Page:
All of us are keenly and sadly aware of the horrific impact of the COVID-19 virus on our own state, our nation, and the world. At times it seems as if this old planet will not be able to take much more illness and death. For many of us, imposed rules have caused something akin to cabin fever, bringing out the worst in some people, as that always does. All of us are tired of it all.
Very recently, members of my own extended family have actually felt the terrible sting of the death of a family member due to that dreaded plague. The whole thing is just awful.
I sat here earlier this evening, knowing I was up against a publication deadline and wondering what, with the recent news of the death in our family, I would be able to write about. Truthfully, I wasn’t in the mood to compose a monologue for you or anyone else. I had no idea what to do. To paraphrase Dr. Suess, I puzzled, and puzzled, ‘til my puzzler was sore.
This year has been long and strange, to say the least. The COVID-19 problem has been terrible; the racial strife and a much-contested national election have been the icing on the very awful cake that is the year 2020. By mid-November I was in great need of a positive break from it all.
I decided tonight that the best thing I could do would be to share the fact that I got to take that positive break. It was an experience that began Thanksgiving week and won’t end for several more days. Wow!
I will not say if it has been by car or computer, by airplane or by phone, but I have had the wonderful privilege of spending some much needed time with many of my dear family members and a few friends.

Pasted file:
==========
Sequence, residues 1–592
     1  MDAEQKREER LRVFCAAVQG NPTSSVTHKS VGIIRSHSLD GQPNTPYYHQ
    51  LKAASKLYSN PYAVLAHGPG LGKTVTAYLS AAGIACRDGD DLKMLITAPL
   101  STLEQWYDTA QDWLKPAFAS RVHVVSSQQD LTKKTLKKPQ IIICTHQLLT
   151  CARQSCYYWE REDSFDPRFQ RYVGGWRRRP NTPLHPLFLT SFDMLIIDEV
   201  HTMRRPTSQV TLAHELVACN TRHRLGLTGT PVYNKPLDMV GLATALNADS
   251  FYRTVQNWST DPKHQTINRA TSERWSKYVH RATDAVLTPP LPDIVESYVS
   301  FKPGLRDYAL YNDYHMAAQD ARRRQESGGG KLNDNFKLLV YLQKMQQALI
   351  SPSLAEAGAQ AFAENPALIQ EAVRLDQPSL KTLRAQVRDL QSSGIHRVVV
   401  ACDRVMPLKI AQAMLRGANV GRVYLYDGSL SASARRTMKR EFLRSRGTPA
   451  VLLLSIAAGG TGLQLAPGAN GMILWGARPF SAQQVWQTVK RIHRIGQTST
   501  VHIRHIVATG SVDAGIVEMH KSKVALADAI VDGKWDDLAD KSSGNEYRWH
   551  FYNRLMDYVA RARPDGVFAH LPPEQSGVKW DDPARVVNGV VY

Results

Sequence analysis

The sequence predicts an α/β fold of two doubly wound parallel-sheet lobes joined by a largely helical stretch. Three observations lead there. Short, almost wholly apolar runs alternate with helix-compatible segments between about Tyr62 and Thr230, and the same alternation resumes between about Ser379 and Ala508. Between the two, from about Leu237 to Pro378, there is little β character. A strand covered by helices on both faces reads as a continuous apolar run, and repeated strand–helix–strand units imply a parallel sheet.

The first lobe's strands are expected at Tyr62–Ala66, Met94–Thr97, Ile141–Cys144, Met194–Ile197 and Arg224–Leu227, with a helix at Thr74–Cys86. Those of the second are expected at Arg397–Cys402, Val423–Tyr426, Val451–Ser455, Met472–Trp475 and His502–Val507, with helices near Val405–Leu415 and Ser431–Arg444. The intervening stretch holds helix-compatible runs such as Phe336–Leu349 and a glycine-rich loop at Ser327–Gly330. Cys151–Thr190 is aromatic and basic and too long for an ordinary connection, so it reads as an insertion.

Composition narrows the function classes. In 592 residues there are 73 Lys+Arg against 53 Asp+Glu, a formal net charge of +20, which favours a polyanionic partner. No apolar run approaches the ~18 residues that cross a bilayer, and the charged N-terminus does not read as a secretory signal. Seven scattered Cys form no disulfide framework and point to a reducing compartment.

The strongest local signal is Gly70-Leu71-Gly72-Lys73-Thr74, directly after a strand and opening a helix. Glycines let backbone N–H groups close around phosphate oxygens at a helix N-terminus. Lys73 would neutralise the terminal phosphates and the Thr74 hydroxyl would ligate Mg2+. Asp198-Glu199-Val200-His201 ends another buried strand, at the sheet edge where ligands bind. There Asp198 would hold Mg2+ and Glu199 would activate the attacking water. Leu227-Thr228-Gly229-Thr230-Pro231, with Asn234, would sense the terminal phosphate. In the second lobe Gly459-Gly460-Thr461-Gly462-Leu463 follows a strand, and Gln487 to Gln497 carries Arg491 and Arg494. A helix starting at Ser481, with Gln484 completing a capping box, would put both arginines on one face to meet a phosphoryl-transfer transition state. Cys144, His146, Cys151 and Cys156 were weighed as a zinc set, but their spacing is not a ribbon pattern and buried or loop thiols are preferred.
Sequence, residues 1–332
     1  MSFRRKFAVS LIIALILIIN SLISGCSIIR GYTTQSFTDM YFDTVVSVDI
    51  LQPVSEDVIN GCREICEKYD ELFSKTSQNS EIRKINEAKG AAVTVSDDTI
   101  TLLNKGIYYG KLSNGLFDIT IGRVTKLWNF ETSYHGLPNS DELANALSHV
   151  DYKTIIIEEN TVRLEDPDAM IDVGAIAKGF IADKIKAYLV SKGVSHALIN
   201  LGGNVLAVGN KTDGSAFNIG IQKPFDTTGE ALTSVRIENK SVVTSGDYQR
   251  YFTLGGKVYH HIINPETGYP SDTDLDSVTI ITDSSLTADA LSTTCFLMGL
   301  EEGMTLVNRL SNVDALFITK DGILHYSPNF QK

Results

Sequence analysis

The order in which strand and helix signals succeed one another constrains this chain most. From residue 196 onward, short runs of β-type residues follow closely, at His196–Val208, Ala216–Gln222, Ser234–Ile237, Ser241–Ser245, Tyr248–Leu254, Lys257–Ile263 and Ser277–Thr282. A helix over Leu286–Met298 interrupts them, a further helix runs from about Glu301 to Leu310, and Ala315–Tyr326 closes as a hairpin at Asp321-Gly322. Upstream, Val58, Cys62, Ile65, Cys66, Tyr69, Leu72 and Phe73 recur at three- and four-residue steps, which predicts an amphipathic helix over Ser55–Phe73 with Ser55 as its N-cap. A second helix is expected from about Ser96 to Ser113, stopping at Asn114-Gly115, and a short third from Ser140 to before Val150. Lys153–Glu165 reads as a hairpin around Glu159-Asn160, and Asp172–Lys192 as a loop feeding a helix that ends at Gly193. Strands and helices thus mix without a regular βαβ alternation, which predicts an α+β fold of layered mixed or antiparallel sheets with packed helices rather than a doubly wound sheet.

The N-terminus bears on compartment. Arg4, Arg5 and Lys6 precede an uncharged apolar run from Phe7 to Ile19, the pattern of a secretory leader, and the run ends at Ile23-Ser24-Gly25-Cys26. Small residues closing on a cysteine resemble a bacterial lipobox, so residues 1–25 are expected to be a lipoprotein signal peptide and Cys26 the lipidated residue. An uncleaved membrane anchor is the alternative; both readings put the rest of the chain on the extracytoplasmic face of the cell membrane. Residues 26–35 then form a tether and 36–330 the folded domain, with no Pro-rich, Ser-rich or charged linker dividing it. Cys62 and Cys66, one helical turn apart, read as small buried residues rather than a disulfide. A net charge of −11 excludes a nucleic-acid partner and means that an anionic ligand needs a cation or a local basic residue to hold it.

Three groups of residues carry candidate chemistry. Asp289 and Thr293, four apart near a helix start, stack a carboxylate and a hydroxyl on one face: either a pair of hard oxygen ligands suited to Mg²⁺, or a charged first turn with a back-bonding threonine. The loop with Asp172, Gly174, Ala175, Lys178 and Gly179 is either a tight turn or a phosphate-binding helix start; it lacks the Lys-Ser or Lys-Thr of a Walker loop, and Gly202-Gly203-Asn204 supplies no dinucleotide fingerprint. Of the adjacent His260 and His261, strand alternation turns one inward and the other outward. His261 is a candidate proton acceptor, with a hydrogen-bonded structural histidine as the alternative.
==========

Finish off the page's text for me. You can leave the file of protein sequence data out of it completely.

I had many quality conversations with family members that I hadn’t been with very much this year; some of whom I hadn’t seen since last winter. I WILL say that Facetime is wonderful and real-time together is even better.
Christmas is right around the corner. For most of us that coming holiday, and then New Year’s Day a week later, will be different this year. Here’s the bright side. We may not have the crowds at our homes that are usually there, but we should be consoled, at least a bit, by the fact that putting off those big gatherings for a few more months will be worth it.
I encourage you to celebrate Christmas carefully this year, perhaps in masks and all, but also in cautious optimism that by summertime you’ll be able to host a huge family barbecue, and that there will be people in attendance who might not even be with us then if we are careless now. Rest a bit in the fact that we live in the most wonderful, powerful nation on Earth and that this virus will soon be conquered because of that very fact. Santa will soon be here; so will the vaccines.